u ISS is much longer than the length of Boeing 777. It is larger than 5BR house, weigh ~ 1 million lbs, and its 16 solar panels generate ~84 kW and cover more than 3 times the US Senate Chamber Since First Launch Nov 20, 1998 –More than 1.8 billion statute miles on the odometer. –~10 round trips to the Sun –~70,000 orbits around the Earth –More than 105 launches to ISS –More than 200 visitors to ISS from 8 different countries –67 Russian vehicles, 36 space shuttles, 2 European, 1 Japanese –More than 150 Spacewalks
u International Space Station As seen from the departing Space Shuttle Atlantis on May 23, 2010 Starboard SARJ Port SARJ Pressurized Modules Solar Panels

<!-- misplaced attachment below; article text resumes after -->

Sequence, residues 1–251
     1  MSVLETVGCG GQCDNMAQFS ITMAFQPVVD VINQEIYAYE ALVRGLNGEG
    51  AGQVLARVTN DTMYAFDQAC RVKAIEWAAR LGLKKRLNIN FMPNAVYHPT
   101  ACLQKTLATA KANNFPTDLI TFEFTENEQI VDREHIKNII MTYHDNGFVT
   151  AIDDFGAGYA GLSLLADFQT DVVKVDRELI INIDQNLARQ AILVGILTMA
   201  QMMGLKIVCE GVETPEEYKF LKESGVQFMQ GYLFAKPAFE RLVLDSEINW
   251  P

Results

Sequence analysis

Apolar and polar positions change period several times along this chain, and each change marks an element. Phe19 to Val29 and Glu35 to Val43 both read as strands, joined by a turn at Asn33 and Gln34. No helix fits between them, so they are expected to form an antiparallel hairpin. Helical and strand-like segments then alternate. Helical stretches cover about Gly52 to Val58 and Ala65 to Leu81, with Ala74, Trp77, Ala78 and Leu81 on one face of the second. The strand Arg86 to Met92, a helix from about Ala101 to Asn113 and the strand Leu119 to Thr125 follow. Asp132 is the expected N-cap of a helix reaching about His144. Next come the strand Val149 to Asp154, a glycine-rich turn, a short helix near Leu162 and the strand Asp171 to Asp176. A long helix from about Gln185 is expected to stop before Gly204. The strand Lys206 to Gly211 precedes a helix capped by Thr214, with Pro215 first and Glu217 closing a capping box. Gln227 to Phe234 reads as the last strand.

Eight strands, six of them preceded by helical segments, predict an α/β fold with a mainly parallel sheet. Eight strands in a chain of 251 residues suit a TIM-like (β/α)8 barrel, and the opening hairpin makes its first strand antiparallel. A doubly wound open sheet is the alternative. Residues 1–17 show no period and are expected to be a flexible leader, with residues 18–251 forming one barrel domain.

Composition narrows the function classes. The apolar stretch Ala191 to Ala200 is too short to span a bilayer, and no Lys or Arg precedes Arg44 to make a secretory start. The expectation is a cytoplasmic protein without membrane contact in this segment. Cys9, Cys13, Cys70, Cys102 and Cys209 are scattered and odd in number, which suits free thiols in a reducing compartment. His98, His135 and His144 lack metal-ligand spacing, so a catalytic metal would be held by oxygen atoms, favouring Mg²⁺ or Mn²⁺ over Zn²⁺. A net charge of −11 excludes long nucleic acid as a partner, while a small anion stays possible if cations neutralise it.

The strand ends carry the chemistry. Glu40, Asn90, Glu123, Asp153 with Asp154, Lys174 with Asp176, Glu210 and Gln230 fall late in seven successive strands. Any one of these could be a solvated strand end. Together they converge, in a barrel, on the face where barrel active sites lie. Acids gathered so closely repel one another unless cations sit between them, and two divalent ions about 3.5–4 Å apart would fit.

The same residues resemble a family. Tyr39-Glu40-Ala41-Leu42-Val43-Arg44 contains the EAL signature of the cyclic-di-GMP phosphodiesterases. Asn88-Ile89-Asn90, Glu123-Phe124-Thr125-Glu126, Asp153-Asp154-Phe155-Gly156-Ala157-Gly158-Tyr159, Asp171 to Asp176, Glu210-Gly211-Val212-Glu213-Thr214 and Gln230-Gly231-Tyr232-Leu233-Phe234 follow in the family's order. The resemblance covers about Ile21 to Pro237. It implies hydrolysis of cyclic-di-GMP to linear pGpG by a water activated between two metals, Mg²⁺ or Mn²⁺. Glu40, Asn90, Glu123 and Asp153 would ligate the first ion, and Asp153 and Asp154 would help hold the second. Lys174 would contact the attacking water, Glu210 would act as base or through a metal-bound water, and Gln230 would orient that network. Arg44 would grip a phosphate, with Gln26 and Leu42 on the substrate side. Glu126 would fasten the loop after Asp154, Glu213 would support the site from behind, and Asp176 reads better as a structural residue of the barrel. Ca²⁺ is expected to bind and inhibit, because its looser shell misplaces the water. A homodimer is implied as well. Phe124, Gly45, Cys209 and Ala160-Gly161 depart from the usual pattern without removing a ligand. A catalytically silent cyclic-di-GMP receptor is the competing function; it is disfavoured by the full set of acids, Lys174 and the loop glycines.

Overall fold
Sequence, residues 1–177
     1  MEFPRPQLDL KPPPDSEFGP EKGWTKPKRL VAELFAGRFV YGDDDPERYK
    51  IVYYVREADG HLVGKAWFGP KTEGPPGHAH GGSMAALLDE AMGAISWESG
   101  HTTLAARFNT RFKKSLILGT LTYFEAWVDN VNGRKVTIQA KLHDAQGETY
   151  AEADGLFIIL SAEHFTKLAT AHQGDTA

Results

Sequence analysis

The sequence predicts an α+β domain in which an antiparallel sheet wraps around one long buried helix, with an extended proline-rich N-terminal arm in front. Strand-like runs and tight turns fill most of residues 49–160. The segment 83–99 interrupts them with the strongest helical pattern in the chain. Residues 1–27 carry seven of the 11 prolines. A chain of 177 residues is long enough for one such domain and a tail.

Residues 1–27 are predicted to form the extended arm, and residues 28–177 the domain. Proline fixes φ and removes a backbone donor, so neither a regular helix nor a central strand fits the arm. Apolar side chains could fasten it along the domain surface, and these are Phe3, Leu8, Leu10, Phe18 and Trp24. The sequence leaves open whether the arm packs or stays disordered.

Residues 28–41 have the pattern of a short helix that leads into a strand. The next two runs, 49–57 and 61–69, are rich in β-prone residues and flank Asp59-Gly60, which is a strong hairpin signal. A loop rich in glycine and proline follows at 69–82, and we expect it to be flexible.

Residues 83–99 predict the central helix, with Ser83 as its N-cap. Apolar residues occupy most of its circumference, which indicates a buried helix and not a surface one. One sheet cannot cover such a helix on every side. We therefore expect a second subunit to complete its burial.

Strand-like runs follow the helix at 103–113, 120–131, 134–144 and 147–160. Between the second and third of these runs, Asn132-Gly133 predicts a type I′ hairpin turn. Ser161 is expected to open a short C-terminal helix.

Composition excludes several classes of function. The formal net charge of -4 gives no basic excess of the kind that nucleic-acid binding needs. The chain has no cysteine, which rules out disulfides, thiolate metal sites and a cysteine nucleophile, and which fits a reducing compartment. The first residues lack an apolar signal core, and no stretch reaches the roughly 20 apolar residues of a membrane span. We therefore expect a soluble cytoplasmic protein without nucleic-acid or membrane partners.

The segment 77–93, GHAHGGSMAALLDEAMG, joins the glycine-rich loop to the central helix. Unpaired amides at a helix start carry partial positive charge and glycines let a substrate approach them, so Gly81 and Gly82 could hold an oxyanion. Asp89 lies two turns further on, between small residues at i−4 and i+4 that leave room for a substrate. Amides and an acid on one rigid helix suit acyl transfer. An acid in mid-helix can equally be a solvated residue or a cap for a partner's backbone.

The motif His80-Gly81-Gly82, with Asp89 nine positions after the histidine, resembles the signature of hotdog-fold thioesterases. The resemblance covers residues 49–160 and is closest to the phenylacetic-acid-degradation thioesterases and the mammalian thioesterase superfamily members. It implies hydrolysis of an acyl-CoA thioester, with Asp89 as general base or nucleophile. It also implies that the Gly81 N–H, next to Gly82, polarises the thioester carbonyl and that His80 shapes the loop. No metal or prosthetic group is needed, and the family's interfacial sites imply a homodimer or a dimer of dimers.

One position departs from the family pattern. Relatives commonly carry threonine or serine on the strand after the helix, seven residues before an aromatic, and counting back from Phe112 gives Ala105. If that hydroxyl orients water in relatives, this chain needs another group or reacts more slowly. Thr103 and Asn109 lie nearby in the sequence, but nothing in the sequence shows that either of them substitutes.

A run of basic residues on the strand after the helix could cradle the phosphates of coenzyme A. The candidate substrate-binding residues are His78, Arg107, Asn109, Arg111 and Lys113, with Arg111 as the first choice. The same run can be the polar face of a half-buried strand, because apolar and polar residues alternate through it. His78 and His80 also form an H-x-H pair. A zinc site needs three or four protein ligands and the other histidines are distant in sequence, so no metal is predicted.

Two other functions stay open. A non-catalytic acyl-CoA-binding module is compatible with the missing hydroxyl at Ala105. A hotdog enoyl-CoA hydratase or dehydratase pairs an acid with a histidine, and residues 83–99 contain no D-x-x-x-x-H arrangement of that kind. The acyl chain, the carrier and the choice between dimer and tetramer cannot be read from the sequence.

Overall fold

u 7 Space Station SARJ (Solar Alpha Rotary Joint) The SARJ is a mechanism and is a structural assembly that transfers electricity from the arrays.
u 8 SARJ Assembly Overview
u SARJ Race Rings and Rollers - Design Details Affecting the Tribology 9 12 rollers (following members) ~ 63 mm diameter, gold-plated 440C steel Race ring (driving member) ~ 3.2 meter diameter, Nitrided 15-5 steel Normal load ~4.4 kN, nominal line contact length 21.5 mm Ring speed 1 revolution per orbit (~ 92 minutes) Initially operated without liquid lubricants Now operating with a grease (perfluorinated polyether type base oil + moly- disulfide)